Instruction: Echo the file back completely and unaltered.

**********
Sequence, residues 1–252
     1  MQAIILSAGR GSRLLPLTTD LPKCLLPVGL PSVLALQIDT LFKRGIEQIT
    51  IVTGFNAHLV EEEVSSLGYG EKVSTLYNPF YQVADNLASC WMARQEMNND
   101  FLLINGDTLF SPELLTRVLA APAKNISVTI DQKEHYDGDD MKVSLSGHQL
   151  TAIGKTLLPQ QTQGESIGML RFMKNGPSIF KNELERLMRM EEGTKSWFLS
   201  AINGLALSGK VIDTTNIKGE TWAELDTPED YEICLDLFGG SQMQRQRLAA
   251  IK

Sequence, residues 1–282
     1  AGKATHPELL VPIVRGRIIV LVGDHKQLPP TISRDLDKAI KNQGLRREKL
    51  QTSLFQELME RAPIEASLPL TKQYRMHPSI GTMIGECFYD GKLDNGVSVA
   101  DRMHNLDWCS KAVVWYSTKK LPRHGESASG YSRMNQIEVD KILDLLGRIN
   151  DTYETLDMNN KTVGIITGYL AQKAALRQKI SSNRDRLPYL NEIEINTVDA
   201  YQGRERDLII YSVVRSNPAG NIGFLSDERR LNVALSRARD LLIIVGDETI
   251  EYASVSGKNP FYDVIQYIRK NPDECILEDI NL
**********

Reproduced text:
Sequence, residues 1–252
     1  MQAIILSAGR GSRLLPLTTD LPKCLLPVGL PSVLALQIDT LFKRGIEQIT
    51  IVTGFNAHLV EEEVSSLGYG EKVSTLYNPF YQVADNLASC WMARQEMNND
   101  FLLINGDTLF SPELLTRVLA APAKNISVTI DQKEHYDGDD MKVSLSGHQL
   151  TAIGKTLLPQ QTQGESIGML RFMKNGPSIF KNELERLMRM EEGTKSWFLS
   201  AINGLALSGK VIDTTNIKGE TWAELDTPED YEICLDLFGG SQMQRQRLAA
   251  IK

Sequence, residues 1–282
     1  AGKATHPELL VPIVRGRIIV LVGDHKQLPP TISRDLDKAI KNQGLRREKL
    51  QTSLFQELME RAPIEASLPL TKQYRMHPSI GTMIGECFYD GKLDNGVSVA
   101  DRMHNLDWCS KAVVWYSTKK LPRHGESASG YSRMNQIEVD KILDLLGRIN
   151  DTYETLDMNN KTVGIITGYL AQKAALRQKI SSNRDRLPYL NEIEINTVDA
   201  YQGRERDLII YSVVRSNPAG NIGFLSDERR LNVALSRARD LLIIVGDETI
   251  EYASVSGKNP FYDVIQYIRK NPDECILEDI NL